The closer we get to Election Day, the more conspiracy theories are coming out of the woodwork. The far right would have you believe Hillary Clinton, a true turd sandwich, is cracking open aborted fetuses like king crab legs and sucking out to the juice to muster up the strength to defeat all of her supposed life-threatening illnesses. Columnists, cranky talking heads, and Michael Moore over on the far left are convinced Donald Trump, (the best!) giant douche of them all, is throwing the election because he didn’t think America was stupid enough to let him get this far in the first place.
In another election cycle, we’d be able to plug and play with any two politicians to manufacture an ideological debate so hostile that it would seem that the immediate future of the country was in jeopardy. This year, the immediacy of the internet and the dying gasps of the cable news business is rewarding those who use fear tactics to spread their message. It’s a noticeably different culture from when President Obama and his tech-savvy campaign staff leveraged social media to victories in 2008 and 2012. Trolls, SJWs, conspiracy theorists, and mouth breathers are growing more vicious and contentious by the minute.
And when PC Principal can’t even stop the vitriol, then we have a fucking problem, bro. It’s clear that sponsored content is no longer the enemy. Matt Stone and Trey Parker have turned their attention to a culture we’ve created and failed to harness. And with Garrison/Jenner 2016 roaring toward the White House, who can blame South Park for premiering season 20 with an update on the battles they fought last year?
It shouldn’t take a backup quarterback kneeling during the national anthem to recognize the issues in our country extend beyond whatever like-minded safe space you enter or invade online. Yet as much as South Park wants to be a “reality” where injustices, hypocrisy, and general social commentary play out, Matt and Trey have shown a tendency in recent years to overload on attractive story beats. Just because you’re handed these juicy berries, it doesn’t mean you have to pop them all in your mouth!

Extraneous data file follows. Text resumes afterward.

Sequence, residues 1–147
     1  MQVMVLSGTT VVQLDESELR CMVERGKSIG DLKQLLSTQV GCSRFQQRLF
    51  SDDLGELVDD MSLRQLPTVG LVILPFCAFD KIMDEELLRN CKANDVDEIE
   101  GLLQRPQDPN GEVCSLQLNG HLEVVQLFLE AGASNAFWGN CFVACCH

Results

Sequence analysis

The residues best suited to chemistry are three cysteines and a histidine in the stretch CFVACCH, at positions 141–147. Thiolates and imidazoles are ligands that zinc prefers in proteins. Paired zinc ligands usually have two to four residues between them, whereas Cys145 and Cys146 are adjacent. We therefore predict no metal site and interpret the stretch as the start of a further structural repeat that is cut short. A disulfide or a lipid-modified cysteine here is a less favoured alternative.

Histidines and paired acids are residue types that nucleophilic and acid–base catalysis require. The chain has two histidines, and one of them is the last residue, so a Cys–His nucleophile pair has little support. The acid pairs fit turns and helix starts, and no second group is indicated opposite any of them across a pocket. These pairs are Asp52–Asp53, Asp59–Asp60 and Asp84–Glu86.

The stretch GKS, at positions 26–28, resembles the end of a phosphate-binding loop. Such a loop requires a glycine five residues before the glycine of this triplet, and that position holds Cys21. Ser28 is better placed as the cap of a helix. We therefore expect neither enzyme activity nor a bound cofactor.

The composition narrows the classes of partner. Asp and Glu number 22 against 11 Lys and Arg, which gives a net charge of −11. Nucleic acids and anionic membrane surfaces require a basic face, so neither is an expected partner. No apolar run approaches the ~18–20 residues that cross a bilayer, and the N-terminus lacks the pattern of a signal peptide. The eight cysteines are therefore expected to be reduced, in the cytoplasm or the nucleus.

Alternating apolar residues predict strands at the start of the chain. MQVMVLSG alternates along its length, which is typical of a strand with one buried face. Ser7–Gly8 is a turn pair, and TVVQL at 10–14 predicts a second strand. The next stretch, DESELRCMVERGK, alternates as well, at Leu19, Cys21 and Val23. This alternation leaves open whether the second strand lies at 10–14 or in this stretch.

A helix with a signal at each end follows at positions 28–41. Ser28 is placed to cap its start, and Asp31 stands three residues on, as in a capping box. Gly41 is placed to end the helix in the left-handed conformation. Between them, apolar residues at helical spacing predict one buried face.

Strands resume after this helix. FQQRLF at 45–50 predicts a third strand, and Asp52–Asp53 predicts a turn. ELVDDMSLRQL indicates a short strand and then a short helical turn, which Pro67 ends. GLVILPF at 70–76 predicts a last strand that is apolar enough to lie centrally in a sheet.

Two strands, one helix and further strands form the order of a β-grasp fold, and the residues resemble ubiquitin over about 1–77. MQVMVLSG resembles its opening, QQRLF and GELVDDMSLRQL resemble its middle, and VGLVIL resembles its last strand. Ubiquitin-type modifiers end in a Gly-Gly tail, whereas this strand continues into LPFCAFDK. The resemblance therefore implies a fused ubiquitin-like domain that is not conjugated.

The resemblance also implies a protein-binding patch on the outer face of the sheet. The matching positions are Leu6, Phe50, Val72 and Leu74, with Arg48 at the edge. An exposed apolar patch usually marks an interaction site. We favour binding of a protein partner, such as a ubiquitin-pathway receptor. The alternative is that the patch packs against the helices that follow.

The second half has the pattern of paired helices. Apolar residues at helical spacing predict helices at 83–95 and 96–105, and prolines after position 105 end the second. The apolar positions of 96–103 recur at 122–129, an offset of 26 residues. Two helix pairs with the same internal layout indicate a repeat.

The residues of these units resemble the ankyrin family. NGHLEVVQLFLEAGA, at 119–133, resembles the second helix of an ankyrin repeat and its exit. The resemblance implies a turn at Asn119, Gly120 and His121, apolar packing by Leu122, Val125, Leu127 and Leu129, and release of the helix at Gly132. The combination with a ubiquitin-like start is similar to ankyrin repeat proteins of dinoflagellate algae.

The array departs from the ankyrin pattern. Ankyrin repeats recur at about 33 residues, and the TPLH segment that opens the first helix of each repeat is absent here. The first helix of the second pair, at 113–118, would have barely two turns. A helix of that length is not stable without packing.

Coming off a season in which South Park finally embraced change in a season-long arc, “Member Berries” is about as focused as the actual talking berries themselves. Matt and Trey tried to size-up the scope of our nation’s issues over the last year to varrying degrees of success (Sorry, but J.J. Abrams anthem was a letdown). To me, this is a recent classic South Park problem (you can say that when you’ve hit the 20th season landmark) – a microcosm for why fans have stuck around for so long and why others have soured on the show altogether.
A lot of the same elements that made season 19 one of the most consistent and memorable seasons in the show’s history remain in place. PC Principal is back calling “woo woo” on the micro-aggressors, even though he’s oddly become more lenient on Cartman. The fatso himself at first appears to be aligning with the PC alt-Left during school hours and allegedly retreating to his computer at night to be a malicious, virtual mouthpiece for the alt-Right in the dark shadows of the school message board – though the end of the episode seems to proved the latter wrong. Remember, it wasn’t all that long ago when he was crying about how users online weren’t stoked on his fat-shamed body. Now the online hate is being amplified to the masses to shame funny women, a product of the backlash to the all-female casting of the Ghostbusters reboot.
After spending years poking fun at everyone else, last season Matt and Trey gentrified the town, gave it a Whole Foods, and brought it into a PC 2015 as a way to skewer themselves and avoid becoming a television relic. Their “six days to air” workflow has all but ensured South Park will never be the old man on the porch, but it’s great to see Matt and Trey continue to have a go at themselves, using up the member berries to call back an easy fan-favorite episode. The point is well taken – it’s hard to be nostalgic about the days of Giant Douche versus Turd Sandwich when we get new ones every four years.
We’re headed for another season of plotlines converging into some big conspiracy, which historically hasn’t been the show’s strength. My hope is they’ll give each individual storyline a chance to develop on its own. The fun of tuning in to the show live is its reactionary satire (and it worked tonight in certain spots), but it’s worthwhile to question whether being satisfied in the moment will make those member berries go sour in the future.
I binged season 19 nearly in one sitting before the season 20 premiere and it lost a lot of the flavor that I gushed about in my reviews last year. Are we still going to be Yelping when I’m watching South Park reruns on a futuristic streaming device as a 70-year-old man?
We’re in an election season in which one outrageous moment supplants the next almost every day, and attention spans and memories are shorter than ever. Giant Douches and Turd Sandwiches come and go, but Matt and Trey, even in their more scatterbrain efforts, have a natural ability to put their finger on the country’s pulse. As television is constantly skewing in the opposite, evergreen direction, South Park at 20 remains immediate, for better or worse.